“The real difference you make is by creating connections. Prosecutors in the Balkans will get to know their counterparts in EU member states. That is something that will remain after the project has ended. To me, in the long run, this is the way for international cooperation.” In this CILC Story, which closes the series of interviews celebrating 30 years of CILC, Gabriele Walentich, EU seconded prosecutor in Belgrade, will provide some insight in how she, through the Western Balkans Prosecutors’ Network, is assisting Western Balkan countries in fighting cross-border organised crime. Walentich: “Sometimes our countries tend to be somewhat reluctant to work with the Balkan states, because they think it is a bit tricky and fear information might leak and so on. Through this project, trust will be built and personal contacts established. That is very important, since in the end it all comes down to team work.”
Interview by Marjolein C. Groot, 5 April 2016
Kosovo for one year
“In 2008, during my commute in a totally packed train, the German Ministry of Foreign Affairs in Berlin called me and asked: ‘Would you be ready to go to Kosovo for a year?’” For a few days, Gabriele Walentich, who had never expected such a request, pondered over the question. Then she gave the Ministry the green light. “I told them: ‘OK, one year.’ But as you can see, meanwhile this period has been extended quite a bit.”
Walentich, currently working as European Union (EU) seconded prosecutor for the Western Balkans Prosecutors’ Network in Belgrade, started her career as prosecutor in 1980 in North Rhine-Westphalia. She still has her office there. “They literally haven’t seen me there for almost 20 years.” After the German reunification, Walentich worked for four years in Potsdam, in the state of Brandenburg. She returned to North Rhine-Westphalia to work for the Interior Ministry on crime prevention. “In that position, I was also responsible for a European project.” In 2008, Walentich arrived in Kosovo to join the newly established European Union rule of law mission EULEX as an EU seconded prosecutor.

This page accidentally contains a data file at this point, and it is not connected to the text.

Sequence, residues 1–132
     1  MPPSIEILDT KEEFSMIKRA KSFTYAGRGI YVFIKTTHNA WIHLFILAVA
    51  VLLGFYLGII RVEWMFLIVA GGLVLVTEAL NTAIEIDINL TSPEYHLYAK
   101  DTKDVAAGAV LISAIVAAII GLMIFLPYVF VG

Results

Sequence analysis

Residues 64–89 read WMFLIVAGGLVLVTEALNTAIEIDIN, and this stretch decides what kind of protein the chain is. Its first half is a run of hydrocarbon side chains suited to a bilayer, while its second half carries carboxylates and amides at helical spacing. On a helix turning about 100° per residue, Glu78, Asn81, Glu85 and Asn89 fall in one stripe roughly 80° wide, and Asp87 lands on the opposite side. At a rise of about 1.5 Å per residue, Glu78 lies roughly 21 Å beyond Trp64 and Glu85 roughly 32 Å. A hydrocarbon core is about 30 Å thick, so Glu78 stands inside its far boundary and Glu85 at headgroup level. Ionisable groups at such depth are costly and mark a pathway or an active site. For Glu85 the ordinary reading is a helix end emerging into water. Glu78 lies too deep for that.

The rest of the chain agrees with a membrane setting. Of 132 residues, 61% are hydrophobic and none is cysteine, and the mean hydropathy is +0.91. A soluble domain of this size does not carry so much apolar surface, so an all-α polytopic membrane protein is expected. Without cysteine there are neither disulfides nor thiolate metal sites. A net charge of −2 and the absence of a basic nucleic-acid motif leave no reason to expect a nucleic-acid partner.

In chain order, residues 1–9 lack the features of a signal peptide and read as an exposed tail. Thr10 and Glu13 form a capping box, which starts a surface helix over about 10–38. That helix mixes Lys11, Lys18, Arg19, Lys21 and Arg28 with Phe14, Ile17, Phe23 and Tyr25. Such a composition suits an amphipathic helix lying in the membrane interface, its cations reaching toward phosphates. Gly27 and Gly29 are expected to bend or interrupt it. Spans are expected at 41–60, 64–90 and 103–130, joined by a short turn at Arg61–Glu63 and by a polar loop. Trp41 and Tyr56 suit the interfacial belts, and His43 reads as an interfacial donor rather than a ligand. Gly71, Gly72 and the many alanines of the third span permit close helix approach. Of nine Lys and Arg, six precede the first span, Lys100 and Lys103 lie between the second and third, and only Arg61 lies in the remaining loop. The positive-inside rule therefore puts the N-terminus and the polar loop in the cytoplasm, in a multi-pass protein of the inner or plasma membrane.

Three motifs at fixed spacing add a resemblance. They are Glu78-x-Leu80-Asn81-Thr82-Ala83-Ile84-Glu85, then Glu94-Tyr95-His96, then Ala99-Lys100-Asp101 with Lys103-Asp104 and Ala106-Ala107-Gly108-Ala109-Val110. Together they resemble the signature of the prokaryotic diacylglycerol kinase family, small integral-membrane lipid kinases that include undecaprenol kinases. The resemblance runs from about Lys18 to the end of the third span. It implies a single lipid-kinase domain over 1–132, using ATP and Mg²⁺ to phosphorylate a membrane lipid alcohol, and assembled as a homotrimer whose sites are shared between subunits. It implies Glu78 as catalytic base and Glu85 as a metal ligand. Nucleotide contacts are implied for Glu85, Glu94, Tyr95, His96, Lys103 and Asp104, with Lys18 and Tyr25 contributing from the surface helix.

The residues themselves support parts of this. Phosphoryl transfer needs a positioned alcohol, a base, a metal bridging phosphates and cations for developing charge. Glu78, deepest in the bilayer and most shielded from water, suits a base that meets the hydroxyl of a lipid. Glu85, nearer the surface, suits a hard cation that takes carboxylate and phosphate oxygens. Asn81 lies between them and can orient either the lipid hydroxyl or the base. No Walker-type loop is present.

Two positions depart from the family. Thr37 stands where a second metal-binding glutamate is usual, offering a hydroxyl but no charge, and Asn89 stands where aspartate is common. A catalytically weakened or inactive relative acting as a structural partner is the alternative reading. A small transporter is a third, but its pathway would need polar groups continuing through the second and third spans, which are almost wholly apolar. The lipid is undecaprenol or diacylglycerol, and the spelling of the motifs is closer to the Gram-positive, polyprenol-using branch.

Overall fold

Western Balkans Prosecutors’ Network
“It is a bit early to ask me: ‘How’s Belgrade?’ It is not comparable to Pristina or Skopje at all. I still have to find my way around.” Since early 2016, Walentich, who did not leave the Balkans after her assignment with the office of the Chief EULEX Prosecutor, is based in Belgrade for the second edition of the Western Balkans Prosecutors’ Network (WBPN). Before that, she worked from the former Yugoslav Republic of Macedonia (FYROM). The Western Balkans Prosecutors’ Network supports regional cooperation for fighting organised crime in Albania, Bosnia-Herzegovina, Kosovo, FYROM, Montenegro and Serbia. Similarly to its first edition, which also included Croatia, it has a total budget of 5.26 million Euro. The current project runs until October 2017 and is funded by the European Commission. CILC is one of the implementing partners.
Walentich did not exactly apply for her position as EU seconded prosecutor in the Western Balkans Prosecutors’ Network. She was already working in the Balkans for the German Gesellschaft für Internationale Zusammenarbeit (GIZ) in the first WBPN project, when CILC’s senior project manager/deputy director Eric Vincken approached her for the position. “What I really like about CILC is that this is small and therefore non-bureaucratic. It is a flat, non-formal and small organisation and issues are worked out fast and smoothly.”